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Early Social Education For Children

By Rick Ackerly, Ed.M.

In her post on May 11 entitled “Empowering Children to Realize Their Potential for Good” Connie Grier asks what parents can do to help our children remember that they always have a role in preventing or allowing bullying, and she provides a number of excellent suggestions.  As I reread the article today, an experience I had a year ago popped to mind that made me think differently about teaching children to be socially picassa 3responsible.

Kathy, Franklyn and Connor, ages 18, 20 and 48 months respectively were playing on the other side of a floor-to-ceiling plate glass wall in a small playroom equipped with a climbing structure in the parish hall of a church.

After a good half-hour of playing on their own—climbing stairs, looking out windows, sliding down slides, running clockwise around the structure, running counter-clockwise around the structure, ducking into nooks, squeezing through crannies, pulling their little bodies up by their hands, Connor decided he needed a check-in with Martha the baby-sitter, who was sitting at a café table ten feet from the door watching all this and sipping coffee.

The door separating them, which to me was big and heavy and hard to open, was to him enormous and massive and required all his effort. Undaunted, however, Connor pushed against it and succeeded in squeezing through. Connor covered the ten feet to Martha in no time, but three feet from her chair, Martha jumped up and rushed to the door because Connor’s little brother Franklyn, who follows Connor everywhere, was caught. The door had shut on him just as he was halfway through.

No tears, and the two brothers stood by Martha with one hand on each knee. Suddenly, Connor made for the door. He had noticed Kathy pushing on the door to get out. Martha was wise enough to let Connor be the rescuer this time. She matter-of-factly said, “Good job, Connor.”

Watching Connor at age 4 one might say—in common parlance—that Connor has been “taught empathy.”

In talking with Martha, however, I learned that it’s not that way. It would be truer to say that Connor’s natural empathy had found many useful expressions thus far in the course of his four years of life. Martha claims to have done no more or less than the kind of thing I just witnessed.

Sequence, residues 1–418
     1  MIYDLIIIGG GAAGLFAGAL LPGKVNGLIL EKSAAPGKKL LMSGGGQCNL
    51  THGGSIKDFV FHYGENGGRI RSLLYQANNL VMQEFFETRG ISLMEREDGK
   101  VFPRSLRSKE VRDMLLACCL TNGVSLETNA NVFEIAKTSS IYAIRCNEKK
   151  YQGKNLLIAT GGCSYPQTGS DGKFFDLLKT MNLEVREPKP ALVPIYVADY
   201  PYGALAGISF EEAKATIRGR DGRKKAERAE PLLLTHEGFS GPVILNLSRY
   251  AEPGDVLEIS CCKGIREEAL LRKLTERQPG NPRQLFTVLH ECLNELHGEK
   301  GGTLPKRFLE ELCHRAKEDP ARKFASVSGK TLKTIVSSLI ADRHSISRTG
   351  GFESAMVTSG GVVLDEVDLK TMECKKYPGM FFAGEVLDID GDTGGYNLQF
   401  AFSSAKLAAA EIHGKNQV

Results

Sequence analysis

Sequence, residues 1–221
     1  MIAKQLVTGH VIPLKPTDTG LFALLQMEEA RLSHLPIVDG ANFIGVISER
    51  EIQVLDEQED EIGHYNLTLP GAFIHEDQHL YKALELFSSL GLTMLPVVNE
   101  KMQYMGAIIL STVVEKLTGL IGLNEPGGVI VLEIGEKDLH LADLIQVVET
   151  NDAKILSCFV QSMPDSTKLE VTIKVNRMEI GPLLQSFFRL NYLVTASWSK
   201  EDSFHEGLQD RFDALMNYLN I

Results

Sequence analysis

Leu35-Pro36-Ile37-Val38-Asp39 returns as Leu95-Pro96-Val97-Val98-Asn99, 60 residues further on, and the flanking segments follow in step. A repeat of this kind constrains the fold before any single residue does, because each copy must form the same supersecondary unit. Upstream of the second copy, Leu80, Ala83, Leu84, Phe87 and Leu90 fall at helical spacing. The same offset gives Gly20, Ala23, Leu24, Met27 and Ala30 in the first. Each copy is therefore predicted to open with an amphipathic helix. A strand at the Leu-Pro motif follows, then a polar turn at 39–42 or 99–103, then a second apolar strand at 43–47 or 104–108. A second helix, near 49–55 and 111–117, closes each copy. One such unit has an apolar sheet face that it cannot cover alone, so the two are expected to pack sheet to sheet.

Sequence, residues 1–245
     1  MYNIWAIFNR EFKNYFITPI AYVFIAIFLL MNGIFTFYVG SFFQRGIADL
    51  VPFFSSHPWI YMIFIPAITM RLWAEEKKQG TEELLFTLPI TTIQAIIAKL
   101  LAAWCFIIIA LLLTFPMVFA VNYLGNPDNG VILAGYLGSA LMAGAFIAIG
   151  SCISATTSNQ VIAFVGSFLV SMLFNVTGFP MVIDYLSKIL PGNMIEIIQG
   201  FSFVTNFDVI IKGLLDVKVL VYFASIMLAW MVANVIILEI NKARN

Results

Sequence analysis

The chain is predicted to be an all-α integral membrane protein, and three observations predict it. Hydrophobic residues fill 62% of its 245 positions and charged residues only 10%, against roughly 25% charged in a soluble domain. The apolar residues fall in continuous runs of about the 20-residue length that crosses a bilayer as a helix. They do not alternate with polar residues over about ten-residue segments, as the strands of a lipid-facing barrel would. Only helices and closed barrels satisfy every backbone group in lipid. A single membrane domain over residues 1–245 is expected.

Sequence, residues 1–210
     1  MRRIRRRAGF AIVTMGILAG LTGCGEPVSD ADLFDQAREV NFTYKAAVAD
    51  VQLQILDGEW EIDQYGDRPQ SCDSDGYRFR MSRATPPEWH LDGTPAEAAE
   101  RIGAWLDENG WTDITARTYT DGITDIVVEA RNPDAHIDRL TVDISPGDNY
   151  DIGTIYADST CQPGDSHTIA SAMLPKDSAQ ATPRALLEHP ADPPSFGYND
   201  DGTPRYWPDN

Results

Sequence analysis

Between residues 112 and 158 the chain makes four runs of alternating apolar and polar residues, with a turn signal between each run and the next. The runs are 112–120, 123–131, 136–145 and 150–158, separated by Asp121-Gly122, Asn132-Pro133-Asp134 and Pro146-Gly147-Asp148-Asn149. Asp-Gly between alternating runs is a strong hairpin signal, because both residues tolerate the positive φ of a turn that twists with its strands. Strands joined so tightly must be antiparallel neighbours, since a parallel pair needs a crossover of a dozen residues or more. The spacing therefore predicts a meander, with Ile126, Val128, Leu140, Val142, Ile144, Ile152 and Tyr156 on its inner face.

Connor has been one of Martha’s babies ever since she began baby-sitting three years ago. In an hour of watching Martha’s charges, I noticed dozens of examples of empathy in action. Here’s another one:

After 15 minutes of playing in the playroom, all three were out the door again wanting a drink. Two-year-old Franklyn took one of two sippy cups that stood on the table, but as he brought it up to his lips he saw Kathy. Turning back to the table, he picked up the other cup and gave it to her. The two walked away from the table together sipping, and Martha didn’t even bother to comment on this remarkable act of thoughtfulness.

Children map the social world onto their brain just as they map their linguistic world. If the name of the game in their world during their first five years is about taking care of each other, and if kindness and cooperation are the norm in their first seven years of school then Connie Grier’s great lessons will make a big difference, her words will land on the right ears at the right time and be educational. If, however, those words enter minds that have been trying negotiate unsafe or uncertain environments in their early years, they will fall among thorns with a low probability of making a difference.

90% of anti-bullying education needs to be in the “ounce of prevention” department. If children experience themselves as valuable contributors to the family, and if they feel that they are powerful participants in the social climate of their school, it is a very short step to getting them to stand up for a victim or confront a perpertrator. Otherwise, Connie's words of wisdom about what we should say to kids are not too little, but they might be too late.


Posted on December 5, 2012 by Rick Ackerly, Ed.M.

Rick Ackerly is a nationally recognized educator and speaker with forty-five years of experience working in schools. He has served as head of four independent schools, speaks to parent and school groups across the country and presents at numerous education conferences. Rick is the author of The Genius in Every Child: Encouraging Character, Curiosity and Creativity in Children and lives in Decatur, Illinois. Visit his blog, The Genius in Children, or follow him on Facebook and  Twitter.

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Tags: *Parent Engagement at Home , Bullying Prevention, Character Development, Cooperation, Empathy, Study Skills

 

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